Thursday, January 15, 2009


MUST-SEE: (John Patrick Shanley) On the surface, Doubt is the story of the warm-hearted Father Flynn (Phillip Seymour Hoffman), accused of child abuse at St. Nicholas Catholic School. The deeper story is that of Sister Aloysius, played remarkably by Meryl Streep, who accuses Flynn without proof, without reason, and only with her certainty that he has done wrong. She has her doubts that Flynn is struggling from his first sermon in the film, announcing often people doubt their faith, but without it we wouldn't respect its strength. Aside from his questionable sermon, he openly practices taboos like long fingernails, lots of drinking and allowing himself pleasures of sugar and tobacco which all give Aloysius a sense of urgency to get rid of him. She all but waits for an excuse to take Flynn down. Therein lies motif number 3, as she is limited by the church's authority. Meshing that into the doubt eating its way through the church guarantees a woven play of dark reality. Aloysius says, "In taking a step towards addressing wrong doing, you are taking a step away from God, but in his service." This quote embodies the film's attempt to constantly force the viewer (and the other characters) to question who is right, what are we certain of, and ultimately, what good does it do to know? Amy Adams does a tremendous job as the innocent Sister James, who is the first to suspect Flynn but unconvinced whether or not his taboo acts actually equal wrong doing. She is quickly caught in the middle of her faith's requirements and her heart's belief, in the end not able to sleep at night again. The finger points back and forth, leaving not one scene slow or tedious. Emotions run on high, and if you're left with tears in your eyes or a breath caught in your chest it is the deep deep pathos within this script and the ability our stars have to capture it so immensely. Truly this deserves Academy recognition.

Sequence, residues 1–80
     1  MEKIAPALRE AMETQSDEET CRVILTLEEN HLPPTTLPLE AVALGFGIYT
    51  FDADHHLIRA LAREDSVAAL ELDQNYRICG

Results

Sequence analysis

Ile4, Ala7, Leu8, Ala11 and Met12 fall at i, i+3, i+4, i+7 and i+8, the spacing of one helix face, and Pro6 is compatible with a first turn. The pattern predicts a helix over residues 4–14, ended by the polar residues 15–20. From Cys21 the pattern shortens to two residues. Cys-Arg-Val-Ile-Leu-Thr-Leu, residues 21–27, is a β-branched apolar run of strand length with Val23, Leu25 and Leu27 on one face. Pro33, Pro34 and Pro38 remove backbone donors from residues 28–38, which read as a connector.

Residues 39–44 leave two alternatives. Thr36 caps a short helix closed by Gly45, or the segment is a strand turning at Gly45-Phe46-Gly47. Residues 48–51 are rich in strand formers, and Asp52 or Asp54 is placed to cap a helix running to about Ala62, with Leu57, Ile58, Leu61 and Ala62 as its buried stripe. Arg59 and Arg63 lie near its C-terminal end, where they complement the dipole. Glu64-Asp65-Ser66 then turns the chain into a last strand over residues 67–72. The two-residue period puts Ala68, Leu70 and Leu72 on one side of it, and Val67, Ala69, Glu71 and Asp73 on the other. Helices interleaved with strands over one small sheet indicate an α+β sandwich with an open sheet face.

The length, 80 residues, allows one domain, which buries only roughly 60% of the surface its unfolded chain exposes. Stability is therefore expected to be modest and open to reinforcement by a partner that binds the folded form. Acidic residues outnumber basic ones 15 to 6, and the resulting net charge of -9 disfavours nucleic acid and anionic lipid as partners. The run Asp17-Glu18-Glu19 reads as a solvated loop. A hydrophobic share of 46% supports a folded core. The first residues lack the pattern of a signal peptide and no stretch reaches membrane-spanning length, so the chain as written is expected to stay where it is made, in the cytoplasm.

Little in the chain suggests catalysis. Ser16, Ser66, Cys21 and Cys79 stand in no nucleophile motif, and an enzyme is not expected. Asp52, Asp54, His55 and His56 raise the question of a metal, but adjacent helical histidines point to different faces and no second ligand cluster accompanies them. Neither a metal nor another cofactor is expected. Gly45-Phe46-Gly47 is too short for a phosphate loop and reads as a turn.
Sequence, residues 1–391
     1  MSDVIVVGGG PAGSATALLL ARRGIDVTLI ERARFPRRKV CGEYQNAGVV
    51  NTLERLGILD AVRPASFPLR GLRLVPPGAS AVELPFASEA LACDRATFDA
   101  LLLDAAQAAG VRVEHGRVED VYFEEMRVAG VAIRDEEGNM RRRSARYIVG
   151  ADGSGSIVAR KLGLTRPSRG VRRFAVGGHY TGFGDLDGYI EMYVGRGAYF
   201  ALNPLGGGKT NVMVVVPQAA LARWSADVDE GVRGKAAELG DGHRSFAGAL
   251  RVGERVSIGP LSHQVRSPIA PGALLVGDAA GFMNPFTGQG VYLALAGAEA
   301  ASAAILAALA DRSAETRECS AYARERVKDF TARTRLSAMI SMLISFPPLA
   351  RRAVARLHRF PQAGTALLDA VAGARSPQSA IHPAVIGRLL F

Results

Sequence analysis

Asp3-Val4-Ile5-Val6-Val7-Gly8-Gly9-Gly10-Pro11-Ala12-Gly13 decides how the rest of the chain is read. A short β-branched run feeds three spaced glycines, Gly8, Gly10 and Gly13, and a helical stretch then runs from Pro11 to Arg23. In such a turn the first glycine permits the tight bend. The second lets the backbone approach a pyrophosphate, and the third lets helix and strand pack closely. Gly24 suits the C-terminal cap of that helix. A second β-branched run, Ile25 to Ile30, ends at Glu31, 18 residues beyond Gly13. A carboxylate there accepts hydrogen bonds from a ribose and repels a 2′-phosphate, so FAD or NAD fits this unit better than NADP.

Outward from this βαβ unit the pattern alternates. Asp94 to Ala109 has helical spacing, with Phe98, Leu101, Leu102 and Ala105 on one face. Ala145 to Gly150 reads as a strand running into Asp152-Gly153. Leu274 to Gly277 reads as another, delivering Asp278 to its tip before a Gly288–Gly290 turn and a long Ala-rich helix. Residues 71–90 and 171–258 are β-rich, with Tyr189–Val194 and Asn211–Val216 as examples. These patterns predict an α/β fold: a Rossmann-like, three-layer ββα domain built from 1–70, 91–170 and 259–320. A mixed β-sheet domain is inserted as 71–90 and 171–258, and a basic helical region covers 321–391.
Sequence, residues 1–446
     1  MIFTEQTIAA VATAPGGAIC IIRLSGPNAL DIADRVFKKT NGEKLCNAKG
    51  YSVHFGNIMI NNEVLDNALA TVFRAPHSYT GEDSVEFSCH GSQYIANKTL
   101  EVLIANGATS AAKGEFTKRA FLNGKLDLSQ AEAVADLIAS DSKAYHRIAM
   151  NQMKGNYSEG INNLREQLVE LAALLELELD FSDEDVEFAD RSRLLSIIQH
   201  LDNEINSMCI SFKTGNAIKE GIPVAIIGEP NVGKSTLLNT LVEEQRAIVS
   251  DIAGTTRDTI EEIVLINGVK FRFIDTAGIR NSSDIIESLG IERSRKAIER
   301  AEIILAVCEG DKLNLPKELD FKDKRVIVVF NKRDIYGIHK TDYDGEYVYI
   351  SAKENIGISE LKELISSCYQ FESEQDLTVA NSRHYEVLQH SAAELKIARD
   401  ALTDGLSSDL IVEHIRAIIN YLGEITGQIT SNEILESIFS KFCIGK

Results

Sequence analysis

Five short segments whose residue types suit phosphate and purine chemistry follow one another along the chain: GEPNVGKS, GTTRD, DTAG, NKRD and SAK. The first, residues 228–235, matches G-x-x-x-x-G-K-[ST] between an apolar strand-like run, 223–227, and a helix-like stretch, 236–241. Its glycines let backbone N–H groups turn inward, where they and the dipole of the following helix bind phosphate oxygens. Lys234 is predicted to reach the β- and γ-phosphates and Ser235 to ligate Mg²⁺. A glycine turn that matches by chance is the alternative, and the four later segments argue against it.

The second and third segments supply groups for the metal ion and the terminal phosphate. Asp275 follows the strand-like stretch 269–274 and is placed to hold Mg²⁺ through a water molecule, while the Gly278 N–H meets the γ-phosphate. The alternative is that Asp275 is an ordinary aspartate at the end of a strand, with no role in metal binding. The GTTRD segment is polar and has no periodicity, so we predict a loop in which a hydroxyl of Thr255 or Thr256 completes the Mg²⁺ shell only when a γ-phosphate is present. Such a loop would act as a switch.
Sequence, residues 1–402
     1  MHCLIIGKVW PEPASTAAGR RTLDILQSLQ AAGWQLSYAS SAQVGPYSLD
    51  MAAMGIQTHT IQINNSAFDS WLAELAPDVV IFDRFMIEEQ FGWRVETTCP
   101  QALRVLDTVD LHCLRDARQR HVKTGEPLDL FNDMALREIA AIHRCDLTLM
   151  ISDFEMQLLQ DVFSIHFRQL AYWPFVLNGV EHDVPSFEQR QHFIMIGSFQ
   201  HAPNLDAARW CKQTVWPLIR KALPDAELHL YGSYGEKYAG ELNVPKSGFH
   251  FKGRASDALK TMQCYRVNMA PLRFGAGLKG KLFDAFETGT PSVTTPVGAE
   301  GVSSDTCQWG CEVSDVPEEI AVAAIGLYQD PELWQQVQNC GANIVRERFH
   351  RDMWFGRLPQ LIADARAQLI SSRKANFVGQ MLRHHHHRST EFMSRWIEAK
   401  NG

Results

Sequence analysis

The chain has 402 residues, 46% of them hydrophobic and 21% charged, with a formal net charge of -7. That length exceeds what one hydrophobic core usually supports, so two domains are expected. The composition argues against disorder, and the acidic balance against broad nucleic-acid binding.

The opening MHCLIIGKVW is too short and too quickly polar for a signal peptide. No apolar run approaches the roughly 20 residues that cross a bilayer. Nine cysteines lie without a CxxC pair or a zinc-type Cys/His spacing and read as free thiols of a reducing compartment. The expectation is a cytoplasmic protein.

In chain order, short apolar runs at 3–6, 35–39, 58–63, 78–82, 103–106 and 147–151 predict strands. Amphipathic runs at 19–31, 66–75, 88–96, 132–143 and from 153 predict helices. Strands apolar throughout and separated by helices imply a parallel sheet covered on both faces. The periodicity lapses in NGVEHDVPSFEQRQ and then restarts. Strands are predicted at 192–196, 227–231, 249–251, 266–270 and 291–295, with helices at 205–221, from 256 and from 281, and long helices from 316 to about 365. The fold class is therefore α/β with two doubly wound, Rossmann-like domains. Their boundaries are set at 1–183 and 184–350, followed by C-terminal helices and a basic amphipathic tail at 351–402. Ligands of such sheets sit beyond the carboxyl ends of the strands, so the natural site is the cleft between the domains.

1 comment:

Ann-Marie said...

Pride comes before the fall. Philip Seymour Hoffman is painted as the antagonist of the film, but as the plot unfolds the audience is left with a feeling of uncertainty. There is an internal struggle with who you want to believe and who has the best interest of the students at heart. Do you side with the radical, yet seemingly compassionate Father Flynn? Or do you side with Sister Aloysis and her "certainty"? And in the end, who bows out more gracefully?